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Brain Res. 1996 Apr 9;715(1-2):125-35.

Trigeminal-parabrachial connections: possible pathway for nociception-induced cardiovascular reflex responses.

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  • 1Faculty of Medicine, Department of Anatomy and Neurobiology, Dalhousie University, Halifax, Nova Scotia, Canada. gva@ac.dal.ca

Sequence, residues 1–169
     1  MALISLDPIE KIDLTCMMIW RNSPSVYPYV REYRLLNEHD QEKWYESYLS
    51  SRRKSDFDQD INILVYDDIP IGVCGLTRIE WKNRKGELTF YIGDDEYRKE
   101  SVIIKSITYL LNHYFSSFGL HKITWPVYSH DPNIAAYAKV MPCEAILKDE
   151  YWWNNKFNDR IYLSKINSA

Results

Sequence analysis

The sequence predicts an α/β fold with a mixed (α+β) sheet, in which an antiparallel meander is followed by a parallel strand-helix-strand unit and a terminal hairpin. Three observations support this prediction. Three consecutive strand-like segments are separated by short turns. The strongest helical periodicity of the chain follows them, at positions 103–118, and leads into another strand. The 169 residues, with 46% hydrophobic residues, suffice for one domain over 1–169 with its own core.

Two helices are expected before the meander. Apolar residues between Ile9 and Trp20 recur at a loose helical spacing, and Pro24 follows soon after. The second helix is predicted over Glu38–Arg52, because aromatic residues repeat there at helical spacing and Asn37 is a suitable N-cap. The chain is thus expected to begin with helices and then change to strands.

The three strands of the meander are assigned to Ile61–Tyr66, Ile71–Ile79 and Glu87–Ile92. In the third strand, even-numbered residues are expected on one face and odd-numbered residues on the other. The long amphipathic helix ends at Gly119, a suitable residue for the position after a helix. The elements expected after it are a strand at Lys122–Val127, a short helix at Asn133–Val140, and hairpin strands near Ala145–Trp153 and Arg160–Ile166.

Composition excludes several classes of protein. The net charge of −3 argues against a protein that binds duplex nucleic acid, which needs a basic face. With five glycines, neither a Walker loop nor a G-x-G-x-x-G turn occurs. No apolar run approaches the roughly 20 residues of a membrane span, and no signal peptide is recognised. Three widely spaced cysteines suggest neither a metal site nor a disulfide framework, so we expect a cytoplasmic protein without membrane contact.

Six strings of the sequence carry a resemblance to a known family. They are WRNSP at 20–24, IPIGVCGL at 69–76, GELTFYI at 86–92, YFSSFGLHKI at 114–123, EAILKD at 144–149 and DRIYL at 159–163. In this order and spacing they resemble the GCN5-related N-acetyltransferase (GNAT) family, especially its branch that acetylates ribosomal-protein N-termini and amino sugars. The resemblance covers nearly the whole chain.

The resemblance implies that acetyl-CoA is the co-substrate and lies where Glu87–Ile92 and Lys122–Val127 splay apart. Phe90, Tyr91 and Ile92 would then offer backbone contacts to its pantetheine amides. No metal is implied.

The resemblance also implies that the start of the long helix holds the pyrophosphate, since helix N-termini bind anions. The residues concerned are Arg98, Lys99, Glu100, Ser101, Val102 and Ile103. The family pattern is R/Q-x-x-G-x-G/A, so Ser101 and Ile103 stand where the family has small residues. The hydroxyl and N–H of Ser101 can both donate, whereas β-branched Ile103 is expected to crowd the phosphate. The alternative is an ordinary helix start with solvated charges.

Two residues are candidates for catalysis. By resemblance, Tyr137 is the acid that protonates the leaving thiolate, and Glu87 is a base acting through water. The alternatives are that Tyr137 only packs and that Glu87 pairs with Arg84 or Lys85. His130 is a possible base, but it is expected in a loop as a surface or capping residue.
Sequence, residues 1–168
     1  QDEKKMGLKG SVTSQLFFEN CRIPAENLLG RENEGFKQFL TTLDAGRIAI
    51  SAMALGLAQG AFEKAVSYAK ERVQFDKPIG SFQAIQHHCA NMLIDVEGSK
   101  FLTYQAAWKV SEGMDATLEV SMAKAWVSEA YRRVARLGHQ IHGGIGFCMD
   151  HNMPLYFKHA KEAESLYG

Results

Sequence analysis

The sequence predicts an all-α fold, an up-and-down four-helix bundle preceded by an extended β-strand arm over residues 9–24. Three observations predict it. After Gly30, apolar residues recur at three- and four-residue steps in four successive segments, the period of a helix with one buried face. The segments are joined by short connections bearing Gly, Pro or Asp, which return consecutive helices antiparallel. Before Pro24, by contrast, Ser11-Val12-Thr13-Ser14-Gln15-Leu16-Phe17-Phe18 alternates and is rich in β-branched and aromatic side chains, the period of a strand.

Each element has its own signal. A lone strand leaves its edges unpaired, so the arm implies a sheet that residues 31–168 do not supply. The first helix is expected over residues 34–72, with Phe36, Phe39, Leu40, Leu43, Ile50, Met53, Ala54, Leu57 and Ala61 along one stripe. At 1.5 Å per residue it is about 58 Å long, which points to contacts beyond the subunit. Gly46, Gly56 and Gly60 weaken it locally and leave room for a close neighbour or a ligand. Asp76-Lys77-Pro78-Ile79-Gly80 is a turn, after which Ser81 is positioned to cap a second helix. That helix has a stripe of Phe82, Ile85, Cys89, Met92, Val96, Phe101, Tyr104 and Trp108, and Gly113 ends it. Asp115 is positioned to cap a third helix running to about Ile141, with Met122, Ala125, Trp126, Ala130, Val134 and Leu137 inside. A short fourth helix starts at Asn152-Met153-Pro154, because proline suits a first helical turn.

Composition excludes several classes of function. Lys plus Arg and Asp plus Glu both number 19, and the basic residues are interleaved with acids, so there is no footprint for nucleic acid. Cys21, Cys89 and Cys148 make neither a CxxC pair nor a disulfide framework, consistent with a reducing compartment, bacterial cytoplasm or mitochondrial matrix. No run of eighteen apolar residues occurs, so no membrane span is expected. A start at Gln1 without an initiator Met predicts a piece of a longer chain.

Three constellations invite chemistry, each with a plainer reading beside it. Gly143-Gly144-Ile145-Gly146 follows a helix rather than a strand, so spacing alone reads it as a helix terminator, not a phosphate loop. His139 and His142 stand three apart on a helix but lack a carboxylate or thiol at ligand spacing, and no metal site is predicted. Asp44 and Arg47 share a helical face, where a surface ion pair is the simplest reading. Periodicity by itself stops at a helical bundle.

Noxious stimulation of dental nerves elicits marked changes in cardiovascular function. In order to investigate central pathways mediating reflex changes in cardiovascular activity, immunohistochemical localization of cells expressing the immediate-early gene, c-fos, was used to identify central nervous responding to noxious electrical stimulation of mandibular, incisor tooth dentin or chemical (capsaicin) stimulation of tooth pulp in the anesthetized rat. Injections of Fluoro-Gold were made in the lateral parabrachial region to identify efferent projections from the spinal trigeminal nucleus. Electrical and chemical stimulation produced similar patterns of Fos-positive neurons in the spinal trigeminal nucleus: subnuclei caudalis, interpolaris and oralis. Fos-positive neurons were most dense in laminae I and II of the dorsomedial subnucleus caudalis with fewer Fos-positive neurons located in the interpolaris and oralis subnuclei. Sham stimulation of tooth dentin and control vehicle injections into the tooth pulp resulted in either a few weakly stained or no Fos-positive neurons in the spinal trigeminal nucleus. Cell bodies double labeled with Fluro-Gold following injections into the parabrachial region and Fos-protein subsequent to electrical stimulation of incisor tooth were present in all three subnuclei of the spinal trigeminal nucleus. The largest number of Fos-positive neurons with efferent projections to the lateral parabrachial region were located in subnucleus caudalis (32.2 +/- 5.3 S.E.M.) and fewer were located in the interpolaris (0.4 +/- 0.4 S.E.M.) and oralis (19.8 +/- 3.5 S.E.M.) subnuclei. The results demonstrate that nociceptive dental input received by the three subnuclei of the spinal trigeminal nucleus, particularly the subnucleus caudalis, is relayed to the lateral parabrachial nucleus.

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